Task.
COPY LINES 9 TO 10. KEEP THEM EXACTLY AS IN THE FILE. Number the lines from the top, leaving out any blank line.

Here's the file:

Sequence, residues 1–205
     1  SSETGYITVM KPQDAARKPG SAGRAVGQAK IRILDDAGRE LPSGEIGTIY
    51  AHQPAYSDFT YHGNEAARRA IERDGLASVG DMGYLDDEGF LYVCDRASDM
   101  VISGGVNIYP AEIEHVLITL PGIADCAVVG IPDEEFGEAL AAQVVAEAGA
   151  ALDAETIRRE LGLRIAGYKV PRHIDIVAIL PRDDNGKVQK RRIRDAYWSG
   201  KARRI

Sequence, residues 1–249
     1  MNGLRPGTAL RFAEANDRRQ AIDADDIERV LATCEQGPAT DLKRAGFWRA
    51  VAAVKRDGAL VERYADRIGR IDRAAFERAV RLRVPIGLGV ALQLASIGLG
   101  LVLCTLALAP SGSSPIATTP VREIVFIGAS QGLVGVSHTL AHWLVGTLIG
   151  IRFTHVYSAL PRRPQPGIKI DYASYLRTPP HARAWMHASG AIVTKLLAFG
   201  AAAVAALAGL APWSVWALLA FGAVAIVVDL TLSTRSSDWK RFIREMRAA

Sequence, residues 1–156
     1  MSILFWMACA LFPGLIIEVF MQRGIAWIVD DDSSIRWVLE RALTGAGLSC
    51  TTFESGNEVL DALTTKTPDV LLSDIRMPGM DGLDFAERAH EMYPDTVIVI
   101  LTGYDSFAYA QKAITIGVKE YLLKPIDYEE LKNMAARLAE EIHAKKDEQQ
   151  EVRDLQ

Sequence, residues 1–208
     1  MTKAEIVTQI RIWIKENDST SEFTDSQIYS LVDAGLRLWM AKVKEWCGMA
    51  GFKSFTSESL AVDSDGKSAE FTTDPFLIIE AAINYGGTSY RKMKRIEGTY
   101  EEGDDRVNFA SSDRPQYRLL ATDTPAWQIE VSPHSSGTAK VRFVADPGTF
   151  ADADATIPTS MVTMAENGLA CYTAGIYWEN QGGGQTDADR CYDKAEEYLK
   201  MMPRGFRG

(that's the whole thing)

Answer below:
    51  VAAVKRDGAL VERYADRIGR IDRAAFERAV RLRVPIGLGV ALQLASIGLG
   101  LVLCTLALAP SGSSPIATTP VREIVFIGAS QGLVGVSHTL AHWLVGTLIG